ON THE INSIDE OF WAYNE ROONEY'S RIGHT FOREARM IS AN ORNATE TATTOO READING, "JUST ENOUGH EDUCATION TO PERFORM," WHICH IS THE NAME OF AN ALBUM BY HIS FAVORITE BAND, STEREOPHONICS. IT'S ALSO A FITTING SUMMATION of Rooney's own schooling. He was so accomplished as a soccer player that at 16, he cut back on classes at the De La Salle school in Liverpool so he could train with Everton. Ten minutes into one of his first Premier League games, in October 2002, he scored a goal of such class—an untouchable scorcher into the top right corner that gave the Toffees a 2-1 win and snapped Arsenal's 30-game unbeaten streak—that it was obvious he wouldn't be finishing his secondary education. "I was at school," he said later, "and the next minute I was in the first team." He was five days short of his 17th birthday.
"For someone of that age, he's the biggest talent I've seen since I've been in England," said Arsenal manager Arsène Wenger, a man not known for effusive praise of opponents. Rooney's blue-collar grit was just as glaring a trait. Even at 16, with his short hair, stocky build and preternatural you-lookin'-at-me? scowl, he looked like a journeyman boxer. (Or a bulldog. Hold up a picture of Rooney Rorschach-style, and the answer you'll most likely get is "Pug," which works on multiple levels.) He had a mouth that would make a longshoreman blush.
Predictably, he committed a few youthful indiscretions, most notably when he confessed to patronizing prostitutes at a Liverpool massage parlor, including, reportedly, a 50-year-old grandmother. (Which explains why opposing fans have been heard to chant, "He's fat/He's red/He'll take your gran to bed/Wayne Rooney!") But a few minor injuries aside, nothing has slowed his progression from prodigy to megastar. With Manchester United, Rooney has won three Premier League titles and one Champions League medal, and at 24 he's already England's 12th-leading scorer of all time, with 25 goals in 58 caps. At the time of his goal against Arsenal, he was making about $125 a week and living with his parents in public housing. Seven years later, he makes substantially more: There are rumors that United will offer him $230,000 a week to fend off interest from Real Madrid.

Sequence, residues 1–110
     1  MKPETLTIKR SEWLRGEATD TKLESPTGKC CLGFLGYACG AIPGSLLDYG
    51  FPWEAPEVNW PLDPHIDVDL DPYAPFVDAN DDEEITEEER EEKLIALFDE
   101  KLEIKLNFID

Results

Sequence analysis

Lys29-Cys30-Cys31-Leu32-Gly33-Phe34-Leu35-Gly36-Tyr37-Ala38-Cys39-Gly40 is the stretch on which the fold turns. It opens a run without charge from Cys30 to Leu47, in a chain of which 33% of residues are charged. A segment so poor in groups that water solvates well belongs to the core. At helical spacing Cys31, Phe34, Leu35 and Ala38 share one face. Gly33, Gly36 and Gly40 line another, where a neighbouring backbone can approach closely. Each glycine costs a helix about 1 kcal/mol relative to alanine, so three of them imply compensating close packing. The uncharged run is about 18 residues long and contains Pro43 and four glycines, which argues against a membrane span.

But there's still nothing posh about Rooney. Oh, he's mellowed a bit; marriage and fatherhood will do that to a man. (He wed Coleen McLoughlin in 2008—Stereophonics played at the festivities—and they had a son, Kai Wayne, in November.) But he's still swearing, still sporting the same number-two clipper cut (not that he has much choice), still looking very much like an extra in a Guy Ritchie movie.
It's that grit that lifted Man U last season, which was one of flux for the Red Devils. Before it began, Cristiano Ronaldo took his fancy moves to Madrid and Carlos Tévez went across town to Man City, leaving a 40-goal hole in the United scoring sheet. But their departures also changed the way Rooney, who was often deployed out of position on the left wing, was used. He became the focus of the attack, one that relied more on crosses from the wings than a flashy ground buildup. Rooney adapted, staying after practice to work on his headers. Never much of a threat in the air (he's 5' 10"), he had seven straight goals with his head.
His numbers were staggering: 34 goals in 34 games for United before he sprained his ankle on March 30. Just as significantly, he showed he could carry a team on his shoulders, which is what England hopes for in South Africa—and what the rest of the world rightly fears. "If he continues scoring and playing like that," said Bayern Munich president Franz Beckenbauer, "he can win the World Cup for England."